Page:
Change is in the air for the Buy American Act (“BAA”). On July 30, 2021, the Federal Acquisition Regulatory Council published a proposed rule to the Federal Acquisition Regulation (“FAR”) to implement President Biden’s Executive Order 14005, on “Ensuring the Future is Made in America by All of America’s Workers,” which seeks to further strengthen U.S. Buy American laws and further encourage domestic procurement (previously discussed here). A public meeting to discuss the proposed rule is scheduled for August 26, 2021, and comments will be due September 28, 2021. This blog article summarizes the new BAA proposed rule, offering a primer in advance of the public meeting next week and the public comment deadline next month. Yes, folks – change is in the air. Fasten your seatbelts; we may encounter some turbulence ahead.

Continue Reading Fasten Your Seatbelts – Proposed Rule Implementing Biden’s “Buy American” Mandates

In February 2021, President Biden issued Executive Order 14017, “Executive Order on America’s Supply Chains” (discussed here), requiring (among other things) a report within 100-days requiring key government agencies to assess vulnerabilities and consider potential improvements to supply chains in four critical industries – (i) semiconductor manufacturing; (ii) high capacity batteries; (iii) rare earth elements; and (iv) pharmaceuticals.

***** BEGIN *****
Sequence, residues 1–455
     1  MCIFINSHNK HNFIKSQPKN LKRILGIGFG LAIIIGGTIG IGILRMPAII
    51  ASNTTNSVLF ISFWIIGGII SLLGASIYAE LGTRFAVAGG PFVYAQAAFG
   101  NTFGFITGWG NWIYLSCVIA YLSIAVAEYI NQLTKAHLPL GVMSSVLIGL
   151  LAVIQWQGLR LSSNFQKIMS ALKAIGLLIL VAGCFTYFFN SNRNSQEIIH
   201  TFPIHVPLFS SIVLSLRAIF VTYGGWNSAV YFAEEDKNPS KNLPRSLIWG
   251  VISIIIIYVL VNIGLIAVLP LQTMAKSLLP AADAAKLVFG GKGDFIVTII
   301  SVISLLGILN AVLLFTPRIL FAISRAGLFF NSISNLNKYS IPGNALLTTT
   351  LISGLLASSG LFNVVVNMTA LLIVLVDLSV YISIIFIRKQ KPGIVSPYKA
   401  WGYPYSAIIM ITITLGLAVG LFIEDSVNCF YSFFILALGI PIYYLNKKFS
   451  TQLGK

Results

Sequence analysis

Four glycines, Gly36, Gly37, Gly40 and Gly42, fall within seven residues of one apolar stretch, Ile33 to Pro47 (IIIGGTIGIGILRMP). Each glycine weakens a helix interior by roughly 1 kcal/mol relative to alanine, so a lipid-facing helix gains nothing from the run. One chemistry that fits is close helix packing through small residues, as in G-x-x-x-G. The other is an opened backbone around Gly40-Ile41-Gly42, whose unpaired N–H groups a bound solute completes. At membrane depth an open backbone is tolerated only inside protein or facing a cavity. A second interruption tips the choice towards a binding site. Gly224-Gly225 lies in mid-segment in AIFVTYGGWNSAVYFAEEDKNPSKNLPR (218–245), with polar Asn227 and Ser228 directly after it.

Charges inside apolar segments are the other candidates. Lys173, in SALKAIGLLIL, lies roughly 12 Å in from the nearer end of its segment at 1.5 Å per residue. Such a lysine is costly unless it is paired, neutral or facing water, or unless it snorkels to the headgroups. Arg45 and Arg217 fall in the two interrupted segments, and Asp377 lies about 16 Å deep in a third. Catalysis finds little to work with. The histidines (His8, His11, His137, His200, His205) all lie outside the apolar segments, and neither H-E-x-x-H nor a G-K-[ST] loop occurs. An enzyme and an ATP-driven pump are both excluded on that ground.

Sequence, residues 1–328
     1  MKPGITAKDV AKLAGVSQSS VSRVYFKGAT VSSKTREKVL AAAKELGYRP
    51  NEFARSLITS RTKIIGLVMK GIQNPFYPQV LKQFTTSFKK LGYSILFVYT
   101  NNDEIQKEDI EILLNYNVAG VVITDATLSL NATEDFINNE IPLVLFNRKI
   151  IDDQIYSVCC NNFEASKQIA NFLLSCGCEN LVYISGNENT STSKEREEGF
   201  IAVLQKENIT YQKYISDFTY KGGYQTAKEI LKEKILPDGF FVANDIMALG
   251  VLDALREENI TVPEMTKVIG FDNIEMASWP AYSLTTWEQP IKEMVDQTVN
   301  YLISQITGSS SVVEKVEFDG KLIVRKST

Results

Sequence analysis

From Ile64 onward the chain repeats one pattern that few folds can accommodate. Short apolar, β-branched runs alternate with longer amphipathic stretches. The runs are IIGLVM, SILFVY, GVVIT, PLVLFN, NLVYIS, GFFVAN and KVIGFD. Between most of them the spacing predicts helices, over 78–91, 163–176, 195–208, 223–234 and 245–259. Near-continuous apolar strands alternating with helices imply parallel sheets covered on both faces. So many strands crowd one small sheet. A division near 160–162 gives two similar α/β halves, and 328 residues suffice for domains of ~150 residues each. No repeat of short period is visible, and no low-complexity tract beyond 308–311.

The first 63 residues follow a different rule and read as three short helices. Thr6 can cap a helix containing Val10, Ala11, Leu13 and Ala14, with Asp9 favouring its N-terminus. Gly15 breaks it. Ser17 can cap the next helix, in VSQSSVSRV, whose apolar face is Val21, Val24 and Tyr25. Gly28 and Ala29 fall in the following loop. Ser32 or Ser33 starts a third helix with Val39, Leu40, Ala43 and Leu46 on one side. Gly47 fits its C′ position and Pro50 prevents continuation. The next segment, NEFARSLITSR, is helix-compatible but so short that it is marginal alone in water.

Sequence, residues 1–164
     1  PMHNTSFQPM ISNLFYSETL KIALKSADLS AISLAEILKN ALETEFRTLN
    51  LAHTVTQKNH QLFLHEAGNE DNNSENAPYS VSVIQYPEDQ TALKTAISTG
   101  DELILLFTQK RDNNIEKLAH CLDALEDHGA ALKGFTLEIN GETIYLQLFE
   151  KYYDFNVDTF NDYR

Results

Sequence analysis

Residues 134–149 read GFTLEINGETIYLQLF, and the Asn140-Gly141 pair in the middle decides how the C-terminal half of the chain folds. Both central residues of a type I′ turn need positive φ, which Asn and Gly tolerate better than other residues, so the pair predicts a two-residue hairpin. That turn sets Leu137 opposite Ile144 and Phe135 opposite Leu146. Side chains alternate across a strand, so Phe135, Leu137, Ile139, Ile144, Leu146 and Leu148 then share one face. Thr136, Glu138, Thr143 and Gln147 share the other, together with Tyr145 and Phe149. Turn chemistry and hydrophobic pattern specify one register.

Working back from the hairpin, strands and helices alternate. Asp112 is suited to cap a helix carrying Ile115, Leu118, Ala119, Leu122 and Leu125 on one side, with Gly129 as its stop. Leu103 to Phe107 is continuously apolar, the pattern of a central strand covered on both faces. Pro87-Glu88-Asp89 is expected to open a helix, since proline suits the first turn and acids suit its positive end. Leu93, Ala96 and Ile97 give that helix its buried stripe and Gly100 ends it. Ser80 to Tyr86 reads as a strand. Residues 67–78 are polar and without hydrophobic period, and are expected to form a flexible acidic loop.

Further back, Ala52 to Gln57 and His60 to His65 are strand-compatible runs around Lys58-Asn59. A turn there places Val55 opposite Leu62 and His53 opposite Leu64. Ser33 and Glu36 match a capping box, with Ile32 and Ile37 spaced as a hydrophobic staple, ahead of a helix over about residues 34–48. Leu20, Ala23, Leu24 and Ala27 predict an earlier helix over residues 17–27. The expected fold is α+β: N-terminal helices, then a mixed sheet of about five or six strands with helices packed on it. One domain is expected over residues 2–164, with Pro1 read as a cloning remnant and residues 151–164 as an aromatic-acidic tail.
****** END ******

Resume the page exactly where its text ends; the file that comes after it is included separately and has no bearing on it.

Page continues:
Continue Reading At a Glance: White House 100-Day Supply Chain Report

On October 30, 2020 the FDA published a list of essential medicines, medical countermeasures, and critical inputs as required by President Trump’s August 2020 Executive Order on Ensuring Essential Medicines, Medical Countermeasures, and Critical Inputs Are Made in the United States (Executive Order 13944), which required the U.S. government to purchase “essential” medicines and medical supplies produced domestically, rather than abroad. We previously wrote about this Executive Order in August (available here), expecting that once the list was issued, government agencies would begin implementing the “Buy American” priorities for these products and materials. The FDA has identified around 227 drugs and 96 devices, along with their respective critical inputs or active ingredients, that the FDA believes “are medically necessary to have available at all times” for the public health. Agencies across the federal government should now begin making non-competitive awards “to the maximum extent permitted by law,” for drugs and medical supplies on this list that are produced in the United States. We have yet to see how agencies will implement these requirements in regulations or class deviations, but publication of this list is an important first step in implementing the rest of the “Buy American” priorities in the Executive Order.